already hurting has had its heart ripped out". He added: "This is an
attack on Tottenham, on people, shopkeepers, women, children, now
standing homeless."
* A Downing Street spokesman called the rioting "utterly unacceptable".

* London's deputy mayor Kit Malthouse said: "It's absolutely
outrageous to see it on the streets of London. We'll do as much as we
can to ensure there's no recurrence tonight."
* An 18-year-old man, who did not want to give his name, said: "Police
know what they should have done, they should have come to speak to the
community themselves. They don't care."
* The Reverend Nims Obunge, Pastor at the Freedom's Ark Church, in
Tottenham, said: "It is right that this community should have
questions they have answered. Until those questions are answered I
don't think we can effectively rebuild the community."

Teenagers and adults were said to have turned up in cars to Tottenham's
retail park and filled their boots with stolen items, unimpeded by police.

Others arrived on foot and piled shopping trolleys high with looted
electronic goods, a local woman, who did not want to be named, said.

Another local resident told the BBC that looting had continued beyond
daybreak on Sunday.

Meanwhile, shops including Vision Express, the Body Shop and Boots, in
nearby Wood Green's High Street were also raided. Two cars there were also
burnt out.

The BBC's Andy Moore said that since riots in 1985, relations between the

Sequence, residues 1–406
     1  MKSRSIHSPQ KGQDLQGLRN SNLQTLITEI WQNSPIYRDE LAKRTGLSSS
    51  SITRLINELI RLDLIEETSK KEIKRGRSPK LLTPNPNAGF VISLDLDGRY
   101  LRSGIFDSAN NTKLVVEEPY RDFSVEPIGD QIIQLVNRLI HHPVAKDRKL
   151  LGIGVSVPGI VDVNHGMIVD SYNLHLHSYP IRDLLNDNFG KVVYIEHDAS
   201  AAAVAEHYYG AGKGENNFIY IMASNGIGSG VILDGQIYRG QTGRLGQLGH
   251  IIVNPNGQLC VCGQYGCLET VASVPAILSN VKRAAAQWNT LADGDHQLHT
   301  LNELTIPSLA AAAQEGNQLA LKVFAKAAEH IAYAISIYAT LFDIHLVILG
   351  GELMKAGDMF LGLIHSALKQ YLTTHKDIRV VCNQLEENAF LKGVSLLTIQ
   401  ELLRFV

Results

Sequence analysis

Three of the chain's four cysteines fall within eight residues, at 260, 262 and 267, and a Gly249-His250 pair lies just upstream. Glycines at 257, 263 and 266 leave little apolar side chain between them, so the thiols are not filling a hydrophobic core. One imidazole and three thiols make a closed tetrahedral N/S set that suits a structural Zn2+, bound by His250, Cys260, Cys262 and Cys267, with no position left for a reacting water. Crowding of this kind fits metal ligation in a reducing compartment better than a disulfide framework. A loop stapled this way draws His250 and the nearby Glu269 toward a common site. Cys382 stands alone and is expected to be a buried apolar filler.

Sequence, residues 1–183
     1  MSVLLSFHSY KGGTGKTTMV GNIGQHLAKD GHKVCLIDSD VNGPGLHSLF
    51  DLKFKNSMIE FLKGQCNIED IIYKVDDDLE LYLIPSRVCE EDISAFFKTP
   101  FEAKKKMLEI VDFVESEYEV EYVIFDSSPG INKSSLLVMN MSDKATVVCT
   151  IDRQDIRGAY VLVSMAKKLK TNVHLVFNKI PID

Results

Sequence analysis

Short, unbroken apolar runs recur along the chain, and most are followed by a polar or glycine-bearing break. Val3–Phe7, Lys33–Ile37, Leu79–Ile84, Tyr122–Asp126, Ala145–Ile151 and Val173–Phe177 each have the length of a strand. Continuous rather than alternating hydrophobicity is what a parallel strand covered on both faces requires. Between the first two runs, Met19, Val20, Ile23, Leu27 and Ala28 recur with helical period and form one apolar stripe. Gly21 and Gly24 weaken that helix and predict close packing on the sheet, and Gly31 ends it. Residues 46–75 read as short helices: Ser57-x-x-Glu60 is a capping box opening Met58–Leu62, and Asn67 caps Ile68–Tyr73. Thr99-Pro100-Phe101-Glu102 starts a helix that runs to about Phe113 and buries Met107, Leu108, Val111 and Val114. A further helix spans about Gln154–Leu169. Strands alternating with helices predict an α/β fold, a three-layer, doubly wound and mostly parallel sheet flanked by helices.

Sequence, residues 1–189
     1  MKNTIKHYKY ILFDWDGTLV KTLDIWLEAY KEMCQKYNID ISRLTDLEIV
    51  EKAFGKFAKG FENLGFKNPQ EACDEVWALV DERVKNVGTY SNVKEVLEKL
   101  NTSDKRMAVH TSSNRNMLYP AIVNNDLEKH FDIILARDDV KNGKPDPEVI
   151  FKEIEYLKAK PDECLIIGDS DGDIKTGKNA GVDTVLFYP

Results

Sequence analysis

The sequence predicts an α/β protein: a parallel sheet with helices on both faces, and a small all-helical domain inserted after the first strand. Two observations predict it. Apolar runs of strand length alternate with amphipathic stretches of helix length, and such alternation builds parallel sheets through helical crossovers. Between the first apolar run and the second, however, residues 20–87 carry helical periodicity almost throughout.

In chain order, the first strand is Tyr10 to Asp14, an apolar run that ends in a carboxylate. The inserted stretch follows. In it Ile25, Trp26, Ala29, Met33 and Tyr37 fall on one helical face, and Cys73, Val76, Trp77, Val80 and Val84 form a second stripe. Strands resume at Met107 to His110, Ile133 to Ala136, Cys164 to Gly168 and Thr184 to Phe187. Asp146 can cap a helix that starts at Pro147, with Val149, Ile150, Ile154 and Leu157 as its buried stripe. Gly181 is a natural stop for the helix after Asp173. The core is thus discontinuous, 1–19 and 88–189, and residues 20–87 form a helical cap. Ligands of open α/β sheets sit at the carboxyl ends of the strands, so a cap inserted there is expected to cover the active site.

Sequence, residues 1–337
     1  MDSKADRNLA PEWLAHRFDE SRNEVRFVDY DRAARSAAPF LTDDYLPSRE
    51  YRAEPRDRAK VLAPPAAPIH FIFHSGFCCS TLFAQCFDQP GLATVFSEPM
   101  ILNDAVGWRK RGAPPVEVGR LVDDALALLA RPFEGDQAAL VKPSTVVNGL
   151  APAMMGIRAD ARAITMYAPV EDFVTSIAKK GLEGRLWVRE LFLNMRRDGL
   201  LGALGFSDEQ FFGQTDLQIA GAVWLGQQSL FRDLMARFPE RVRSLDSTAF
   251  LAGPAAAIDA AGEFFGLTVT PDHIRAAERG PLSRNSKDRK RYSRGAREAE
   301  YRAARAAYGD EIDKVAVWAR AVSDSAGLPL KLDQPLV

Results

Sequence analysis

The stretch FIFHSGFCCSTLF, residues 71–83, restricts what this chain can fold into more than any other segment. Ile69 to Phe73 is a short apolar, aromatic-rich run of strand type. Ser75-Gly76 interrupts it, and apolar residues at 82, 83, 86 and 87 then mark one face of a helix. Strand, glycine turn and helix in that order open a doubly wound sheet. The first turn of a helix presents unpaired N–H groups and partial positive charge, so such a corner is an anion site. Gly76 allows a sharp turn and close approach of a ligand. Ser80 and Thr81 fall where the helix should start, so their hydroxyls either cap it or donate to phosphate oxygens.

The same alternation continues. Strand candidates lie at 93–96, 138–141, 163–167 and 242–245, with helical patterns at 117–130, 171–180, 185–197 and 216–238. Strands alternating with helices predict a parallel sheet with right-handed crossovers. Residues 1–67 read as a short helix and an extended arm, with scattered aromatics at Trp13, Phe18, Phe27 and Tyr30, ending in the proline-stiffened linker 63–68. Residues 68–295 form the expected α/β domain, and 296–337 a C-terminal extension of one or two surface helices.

local community and police had been generally good, but last week's
shooting of Mr Duggan raised tensions.

A friend of Mr Duggan, who gave her name as Niki, 53, said those who had
joined Saturday's protest, which began with a march from Broadwater Farm
area, wanted "justice for the family".

London police appeal for calm after riots, looting

LONDON (AP) — British authorities appealed for calm Sunday, a day after
rioting, looting and multiple fires tore through a deprived area of north
London, with police monitoring social network sites to prevent a repeat of
the violence.

A peaceful protest against a fatal police shooting of a 29-year-old man in
London's Tottenham area degenerated into a Saturday night rampage, with
rioters torching a double-decker bus, destroying patrol cars and trashing
a shopping mall in the nearby Wood Green district.

Several buildings were also set ablaze. TV footage showed the
double-decker bus in a fireball and mounted police charging through the
streets trying to restore order. Police said 26 officers received
injuries, most if not all apparently minor, and made 48 arrests.

London's fire department said it dealt with 49 "primary" fires in
Tottenham. No firefighters were injured.

Social networking websites swirled with rumors of other riots beginning or
being planned in other areas of the city, but police warned the public not
to trust everything they saw on the Internet — adding that officers were
keeping a close eye on what was being said online as well.

"Officers from Tottenham are on the streets and will remain there, working
alongside the community to restore calm to the area," police commander
Adrian Hanstock said. "Should we have any indication of further violence